United Airlines Takes the Fast Track to India with New Daily Non-Stop Service Linking Chicago with New Delhi
Unique Service Provides Only Non-Stop Flight from The U.S.
CHICAGO, Aug. 14 /PRNewswire/ -- United Airlines (NYSE: UAL - news) announced today that it will launch non-stop daily service between Chicago's O'Hare International Airport and New Delhi's Indira Gandhi International Airport, on October 27, 2001. The addition makes United the only airline that flies nonstop between the United States and India, and offers customers some of the fastest travel times between major cities in the two countries. The new flights will be available for sale Thursday, August 16, 2001.
In addition to meeting the needs of business and leisure travelers in Chicago, the new service will be the fastest way to reach New Delhi from many cities across North America, including the East Coast. Using convenient connections through Chicago O'Hare, United's largest airport and hometown hub, customers on the East Coast will find the Chicago connection quicker and more convenient than traveling eastbound to India via Europe. Additionally, United's unique flight schedule has an early departure from the U.S., allowing for same-day connections to many major cities in India including Mumbai (Bombay) and Kolkata (Calcutta). The return flight schedule from New Delhi will provide one of the only daylight departures to the United States, with plenty of time for customers to connect in New Delhi from major business centers in India.
``India is a dynamic and fast-growing country which has been under-served from the U.S. These new flights will provide tremendous opportunities for both local and connecting customers,'' said Rono Dutta, president of United Airlines. ``We're excited about linking our primary hub airport at Chicago with New Delhi, and opening up India to the whole U.S.''
United will offer Boeing 747-400 three-class service, featuring a configuration of 14 state-of-the-art United First Suites, 73 seats in United Business, 88 seats in United Economy Plus and 172 seats in United Economy. The new flight will cover nearly 7,500 miles across the polar route that United Airlines helped pioneer.
As a result of the new non-stop service, United Airlines will withdraw service between Hong Kong and New Delhi and between London and New Delhi.
``Our ultimate goal has always been to serve India non-stop from the United States,'' added Dutta. ``Connecting service via London and Hong Kong has been popular with customers, however regulatory restrictions in Hong Kong have made the route difficult to operate. The new non-stop route opens up tremendous opportunities for travelers and we believe that the service will be very successful.''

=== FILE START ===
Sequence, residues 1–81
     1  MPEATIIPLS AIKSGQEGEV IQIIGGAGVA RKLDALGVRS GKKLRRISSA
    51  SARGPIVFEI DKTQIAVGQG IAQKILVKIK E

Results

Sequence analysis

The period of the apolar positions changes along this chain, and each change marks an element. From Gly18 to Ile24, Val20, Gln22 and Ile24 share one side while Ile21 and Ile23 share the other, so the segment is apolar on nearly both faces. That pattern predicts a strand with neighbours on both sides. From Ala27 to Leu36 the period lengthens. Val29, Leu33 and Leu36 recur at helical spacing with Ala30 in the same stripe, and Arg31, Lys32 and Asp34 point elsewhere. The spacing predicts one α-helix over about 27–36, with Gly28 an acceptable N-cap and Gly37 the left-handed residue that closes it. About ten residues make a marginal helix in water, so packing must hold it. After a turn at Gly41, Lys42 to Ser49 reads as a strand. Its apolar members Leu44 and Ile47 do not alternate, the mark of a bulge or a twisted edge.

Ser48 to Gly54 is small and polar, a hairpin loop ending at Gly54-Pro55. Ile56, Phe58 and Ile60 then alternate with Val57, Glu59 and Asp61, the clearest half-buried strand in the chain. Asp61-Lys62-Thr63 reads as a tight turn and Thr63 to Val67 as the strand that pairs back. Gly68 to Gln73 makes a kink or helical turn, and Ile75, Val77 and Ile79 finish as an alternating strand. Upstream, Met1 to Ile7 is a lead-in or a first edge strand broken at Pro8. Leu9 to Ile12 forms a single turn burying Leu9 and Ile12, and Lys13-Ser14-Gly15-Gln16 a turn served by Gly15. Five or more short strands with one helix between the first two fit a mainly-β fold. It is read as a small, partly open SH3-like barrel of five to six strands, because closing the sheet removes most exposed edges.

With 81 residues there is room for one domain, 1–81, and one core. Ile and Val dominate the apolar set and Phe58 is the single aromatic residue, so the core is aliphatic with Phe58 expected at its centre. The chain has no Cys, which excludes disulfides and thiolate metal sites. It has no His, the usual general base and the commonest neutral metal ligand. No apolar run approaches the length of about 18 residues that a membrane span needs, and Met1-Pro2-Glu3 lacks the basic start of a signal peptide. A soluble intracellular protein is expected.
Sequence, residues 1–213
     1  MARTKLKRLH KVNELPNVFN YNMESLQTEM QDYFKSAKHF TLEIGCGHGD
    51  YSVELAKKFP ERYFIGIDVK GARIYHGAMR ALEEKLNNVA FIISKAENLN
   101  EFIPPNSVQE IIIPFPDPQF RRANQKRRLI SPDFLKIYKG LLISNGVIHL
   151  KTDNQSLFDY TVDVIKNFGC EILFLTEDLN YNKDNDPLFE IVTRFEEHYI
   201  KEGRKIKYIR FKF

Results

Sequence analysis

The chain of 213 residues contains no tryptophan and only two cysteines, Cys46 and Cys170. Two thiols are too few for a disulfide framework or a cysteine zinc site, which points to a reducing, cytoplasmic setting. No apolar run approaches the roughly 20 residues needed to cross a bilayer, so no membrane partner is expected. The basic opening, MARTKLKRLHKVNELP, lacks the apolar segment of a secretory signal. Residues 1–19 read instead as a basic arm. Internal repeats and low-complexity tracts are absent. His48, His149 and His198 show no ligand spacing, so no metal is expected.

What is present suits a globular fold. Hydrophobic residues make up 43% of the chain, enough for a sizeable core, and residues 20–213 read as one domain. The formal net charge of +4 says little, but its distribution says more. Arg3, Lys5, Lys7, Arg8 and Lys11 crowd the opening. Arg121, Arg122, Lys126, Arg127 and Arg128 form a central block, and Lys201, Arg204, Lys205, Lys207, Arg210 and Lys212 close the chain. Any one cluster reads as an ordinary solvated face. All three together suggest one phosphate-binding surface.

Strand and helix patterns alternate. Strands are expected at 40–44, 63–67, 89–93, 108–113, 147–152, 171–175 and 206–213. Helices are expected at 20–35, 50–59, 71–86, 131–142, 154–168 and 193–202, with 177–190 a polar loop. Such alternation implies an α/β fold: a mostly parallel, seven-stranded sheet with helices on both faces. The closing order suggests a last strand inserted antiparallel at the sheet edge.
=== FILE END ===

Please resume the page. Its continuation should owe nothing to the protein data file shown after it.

The company said operation of the new flight would be subject to certain governmental approvals.
United flight UA 992 will depart Chicago O'Hare at 3:40 p.m., arriving in New Delhi at 5:25 p.m., the following day. The return flight, UA 991, will depart New Delhi at 11:15 a.m. and arrive in Chicago at 2:50 p.m. The planned flying time from Chicago to New Delhi will be 14 hours and 15 minutes, while the planned flying time from New Delhi to Chicago will be 15 hours and 5 minutes.
I'm planning my first trip to India. I have been reading, watching, listening and noting anything to do with this country, and this is the first time I have heard the use of Mumbai and Kolkata for Bombay and Calcutta.
Would any more experienced travelers care to explain?
india changed the name of bombay to mumbai a few yrs ago. didn't pick up on the calcutta change, never been there. this is a nationalism thing [perhaps] 50 yrs after the raj. a story has been circulated that might be true that a survey asked various indians what they thought the effect of the british was on the country? an extremely large % said " who are the british?" . india is a large and populous country. i met an indian national [ working in the us ] who said his grand father had worked for the india gov't for some yrs before 1947 & had never met a british person. this is all anecdotal , but i think might be in perspective. other city name changes include the return to st. petersburg in russia & many in africa. i hope i have cast no aspersions, its just a story....... edit. wife & i went on ten day tour 10 or so yrs ago, delhi, agra, & 4 other cities before bombay. havent got back yet.
[This message has been edited by clacko (edited 08-14-2001).]
don....i'm practicing to be a grouchy old man, and getting good at it....
i was born in Bombay-- i understood that there was not bombay or mumbai-- there were 7 islands given by the portuguese to the british as a dowry for catherine of braganza--(i may have the names wrong) bom is beautiful beautiful bay-- the maharashtrains called it mumbai-- i think that name came later-- its crazy to change the name-- the british raj was part of our history-- you cant erase it by changing names--i still cll it bombay-- thats the city i was born in. my 2 cents worth